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You're Diabetic


Does life lose its sweetness when you discover you have diabetes?

By Ivan Olegario, M.D.

 
JULY 2012 


People who discover they have diabetes are often afraid even before fully understanding the realities of diabetes. This is part of the human condition—the fear of the unknown. But a better understanding of the self, the disease’s scope, and how it may or may not limit the body can help a person become more empowered and feel less like a victim. Knowledge is what makes the patient work with or around diabetes, instead of citing it as a limitation that prevents him from living a full life.


What a new diabetic needs to know

Newly-diagnosed diabetics should be aware of the causes and effects of their blood sugar rising to above-normal levels. This excessive sugar slowly damages a person’s organs, such as the heart, eyes, kidneys and nerves. An important goal of treatment is to lower blood sugar to near-normal levels through correct diet, proper exercise and medicines.

It’s extremely important to look for a doctor you can trust and easily talk to. Diabetes is a complex disease, and it’s important that you have a doctor who can answer any and all questions you need to ask.


A new diabetic’s diet

Diet is the cornerstone of controlling blood sugar, because blood sugar comes from the carbohydrates we eat. This includes not just sweet foods, such as candies, desserts and soda, but also rice, pasta and bread. But since your body also needs a regular supply of carbohydrates—abnormally low blood sugar is also dangerous—the keyword is moderation.

Small, frequent meals are necessary for diabetics, consisting of either a snack or a meal that has at most half a cup of rice or pasta, or a roll or two slices of bread, with a matchbox-sized piece of meat. Five to seven small meals distributed all throughout the day are necessary. Avoid fatty or fried foods, since these can screw up the way your body metabolizes sugar, and accelerate the damage caused by diabetes.

To avoid feeling deprived, load up with water and fiber, which can trigger satiety but not increase your blood sugar. Salads, oatmeal and fruits are good sources of fiber, but with the latter two, it’s important to watch your servings.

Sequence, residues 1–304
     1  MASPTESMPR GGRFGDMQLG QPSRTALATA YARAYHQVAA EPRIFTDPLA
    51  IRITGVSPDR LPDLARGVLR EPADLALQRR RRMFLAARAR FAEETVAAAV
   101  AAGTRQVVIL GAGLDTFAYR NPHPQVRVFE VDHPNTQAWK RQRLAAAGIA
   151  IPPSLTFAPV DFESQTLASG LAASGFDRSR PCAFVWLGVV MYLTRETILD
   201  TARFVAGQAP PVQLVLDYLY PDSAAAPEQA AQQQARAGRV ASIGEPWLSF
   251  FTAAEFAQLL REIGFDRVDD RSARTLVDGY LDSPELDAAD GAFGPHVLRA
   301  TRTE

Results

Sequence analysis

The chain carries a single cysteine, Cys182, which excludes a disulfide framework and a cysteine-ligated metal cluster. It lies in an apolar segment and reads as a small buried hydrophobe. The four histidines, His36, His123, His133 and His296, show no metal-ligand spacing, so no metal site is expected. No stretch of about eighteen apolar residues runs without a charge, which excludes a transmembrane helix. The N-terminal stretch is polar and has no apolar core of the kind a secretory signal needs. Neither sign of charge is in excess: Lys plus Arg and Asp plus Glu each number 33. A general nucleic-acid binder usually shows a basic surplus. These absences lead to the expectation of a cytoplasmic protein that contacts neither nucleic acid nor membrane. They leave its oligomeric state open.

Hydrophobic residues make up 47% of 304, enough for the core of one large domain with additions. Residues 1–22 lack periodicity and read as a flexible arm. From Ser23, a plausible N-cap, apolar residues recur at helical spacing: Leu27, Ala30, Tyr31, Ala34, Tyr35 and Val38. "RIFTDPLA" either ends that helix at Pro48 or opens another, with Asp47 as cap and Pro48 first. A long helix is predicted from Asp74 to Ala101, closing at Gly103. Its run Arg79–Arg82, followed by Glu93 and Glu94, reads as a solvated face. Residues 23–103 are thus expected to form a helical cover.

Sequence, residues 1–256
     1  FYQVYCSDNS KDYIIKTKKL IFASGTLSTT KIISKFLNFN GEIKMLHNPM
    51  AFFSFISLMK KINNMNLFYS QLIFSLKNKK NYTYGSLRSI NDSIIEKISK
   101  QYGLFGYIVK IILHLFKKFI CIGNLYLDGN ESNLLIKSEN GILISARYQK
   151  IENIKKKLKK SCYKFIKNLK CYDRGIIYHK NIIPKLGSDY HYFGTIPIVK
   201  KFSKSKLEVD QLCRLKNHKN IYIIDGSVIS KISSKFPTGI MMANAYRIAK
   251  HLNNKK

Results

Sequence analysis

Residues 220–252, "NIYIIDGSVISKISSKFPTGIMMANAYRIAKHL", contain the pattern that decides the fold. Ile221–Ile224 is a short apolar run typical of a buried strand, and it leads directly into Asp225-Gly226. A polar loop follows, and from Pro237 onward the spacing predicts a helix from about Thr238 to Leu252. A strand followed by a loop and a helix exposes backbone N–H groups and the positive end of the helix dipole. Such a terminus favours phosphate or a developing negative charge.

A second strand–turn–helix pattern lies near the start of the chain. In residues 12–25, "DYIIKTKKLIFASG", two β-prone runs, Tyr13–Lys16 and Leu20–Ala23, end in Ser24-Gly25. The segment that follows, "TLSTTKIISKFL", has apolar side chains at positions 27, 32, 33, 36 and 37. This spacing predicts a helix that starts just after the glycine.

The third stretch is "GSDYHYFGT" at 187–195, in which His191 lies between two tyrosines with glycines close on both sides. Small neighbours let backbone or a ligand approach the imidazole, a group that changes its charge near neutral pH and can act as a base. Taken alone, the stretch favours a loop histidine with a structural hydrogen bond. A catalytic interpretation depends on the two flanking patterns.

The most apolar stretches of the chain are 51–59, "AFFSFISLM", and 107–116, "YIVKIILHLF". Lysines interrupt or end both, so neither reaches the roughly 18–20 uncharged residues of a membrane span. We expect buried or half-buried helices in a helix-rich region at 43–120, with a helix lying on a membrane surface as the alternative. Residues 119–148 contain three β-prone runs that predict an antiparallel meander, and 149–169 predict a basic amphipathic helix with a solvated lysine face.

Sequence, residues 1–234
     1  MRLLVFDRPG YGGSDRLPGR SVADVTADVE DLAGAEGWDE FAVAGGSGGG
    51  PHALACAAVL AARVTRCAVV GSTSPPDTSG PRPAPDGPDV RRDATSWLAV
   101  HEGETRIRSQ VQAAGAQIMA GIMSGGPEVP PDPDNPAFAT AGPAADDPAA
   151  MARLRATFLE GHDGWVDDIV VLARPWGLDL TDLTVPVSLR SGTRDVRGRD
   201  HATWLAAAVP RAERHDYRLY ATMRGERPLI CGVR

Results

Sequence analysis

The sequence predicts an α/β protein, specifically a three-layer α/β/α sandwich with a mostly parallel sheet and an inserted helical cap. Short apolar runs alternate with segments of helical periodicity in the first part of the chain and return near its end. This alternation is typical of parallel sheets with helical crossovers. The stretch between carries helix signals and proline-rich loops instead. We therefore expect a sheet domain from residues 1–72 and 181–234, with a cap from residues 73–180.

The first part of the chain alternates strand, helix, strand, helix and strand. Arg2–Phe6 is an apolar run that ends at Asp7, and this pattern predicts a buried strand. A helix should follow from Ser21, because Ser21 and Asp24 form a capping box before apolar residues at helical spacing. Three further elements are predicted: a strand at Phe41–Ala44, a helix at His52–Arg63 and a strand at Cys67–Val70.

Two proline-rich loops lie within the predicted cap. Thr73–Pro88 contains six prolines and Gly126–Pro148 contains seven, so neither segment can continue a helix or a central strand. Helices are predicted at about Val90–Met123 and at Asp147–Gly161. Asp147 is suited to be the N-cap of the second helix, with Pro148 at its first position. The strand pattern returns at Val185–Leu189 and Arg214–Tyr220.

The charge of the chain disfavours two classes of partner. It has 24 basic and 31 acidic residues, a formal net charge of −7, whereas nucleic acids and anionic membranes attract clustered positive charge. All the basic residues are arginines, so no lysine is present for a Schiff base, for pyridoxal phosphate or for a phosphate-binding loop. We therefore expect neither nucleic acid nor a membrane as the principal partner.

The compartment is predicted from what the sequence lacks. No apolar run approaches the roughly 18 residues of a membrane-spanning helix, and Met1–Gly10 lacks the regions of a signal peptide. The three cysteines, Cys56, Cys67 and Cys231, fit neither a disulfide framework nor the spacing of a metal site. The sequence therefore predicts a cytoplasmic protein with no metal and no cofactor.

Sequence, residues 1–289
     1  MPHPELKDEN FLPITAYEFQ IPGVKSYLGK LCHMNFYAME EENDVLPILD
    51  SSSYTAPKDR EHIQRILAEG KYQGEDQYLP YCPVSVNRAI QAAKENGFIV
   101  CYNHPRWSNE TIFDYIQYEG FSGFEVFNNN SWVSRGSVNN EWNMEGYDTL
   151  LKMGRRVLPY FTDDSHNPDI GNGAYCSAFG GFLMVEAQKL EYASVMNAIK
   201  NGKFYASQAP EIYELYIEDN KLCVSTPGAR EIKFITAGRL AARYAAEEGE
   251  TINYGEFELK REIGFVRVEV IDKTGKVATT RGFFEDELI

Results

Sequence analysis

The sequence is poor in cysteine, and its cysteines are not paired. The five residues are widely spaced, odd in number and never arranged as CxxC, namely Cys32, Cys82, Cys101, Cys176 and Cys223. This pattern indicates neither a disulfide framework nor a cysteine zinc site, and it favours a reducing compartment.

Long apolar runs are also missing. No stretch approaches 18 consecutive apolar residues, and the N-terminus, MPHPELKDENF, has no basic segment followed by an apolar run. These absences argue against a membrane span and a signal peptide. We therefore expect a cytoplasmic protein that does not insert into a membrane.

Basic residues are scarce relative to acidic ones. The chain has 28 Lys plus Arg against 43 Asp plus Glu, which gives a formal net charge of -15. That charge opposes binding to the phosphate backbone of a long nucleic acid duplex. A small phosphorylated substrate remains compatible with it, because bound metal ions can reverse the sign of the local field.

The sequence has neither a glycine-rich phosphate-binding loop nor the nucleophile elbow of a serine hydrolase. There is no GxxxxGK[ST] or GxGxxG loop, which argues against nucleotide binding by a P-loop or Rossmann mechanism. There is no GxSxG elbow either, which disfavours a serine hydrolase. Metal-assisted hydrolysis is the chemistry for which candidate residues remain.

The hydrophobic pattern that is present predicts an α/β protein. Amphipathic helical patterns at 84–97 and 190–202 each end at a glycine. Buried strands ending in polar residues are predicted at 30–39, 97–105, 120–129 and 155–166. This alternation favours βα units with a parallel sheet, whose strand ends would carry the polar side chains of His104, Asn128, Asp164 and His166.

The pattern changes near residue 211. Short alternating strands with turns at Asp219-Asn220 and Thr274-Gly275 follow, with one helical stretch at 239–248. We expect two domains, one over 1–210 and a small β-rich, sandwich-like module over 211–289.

Exercise for new diabetics

Exercising regularly helps the body burn extra sugar. This includes brisk walking, aerobic dancing, jogging, biking or swimming. Do these aerobic exercises 20 to 40 minutes a day, for at least four days a week.

Diabetics must take special precautions when exercising:

• Drink lots of fluids because diabetics are more prone to dehydration during exercise.

• Watch out for low blood sugar. This can happen during exercise especially when you are on medication and a strict diet. Symptoms include dizziness, weakness, fainting, anxiety, irritability, restlessness, anger, extreme hunger, palpitations, cold sweats, or numbness or a tingling sensation in the fingers. When any of these symptoms occur, drink a sugar-containing beverage or cola, or eat some sugar or candy, then see your doctor immediately.

• Watch your feet. Diabetics are more prone to developing wounds on the feet, which can worsen and turn to gangrene. Always wear correctly-fitting training shoes. Throw away shoes that are broken or worn out. Every day, inspect your feet for small wounds, especially between the toes. Visit a doctor when you find wounds for proper treatment.


Your medicines

For patients with mild diabetes, proper diet and exercise are enough to control blood sugar. However, for some people, medications may be required, and there are two types available: oral hypoglycemic drugs (OHAs) or insulin.

OHAs are medicines taken daily as tablets or capsules, and there are many different kinds of OHAs, each kind with its own mechanism of action and side effects. Talk to your doctor about which medication will suit your condition, as well as how to take them.

Like OHAs, there are many types of insulin—synthetic versions of the hormone normally secreted by the pancreas. These are reserved for more severe disease and require a doctor’s prescription. A powerful drug that requires daily injection, it enables patients to control their diabetes—and as a result live long, productive lives unhampered by the disease. Patients usually get used to injecting themselves with insulin in the long run, and it becomes a mere part of their day-to-day lives.


For more tips on living with, and despite, diabetes, get a copy of the July issue of HealthToday, out now in bookstores and newsstands.






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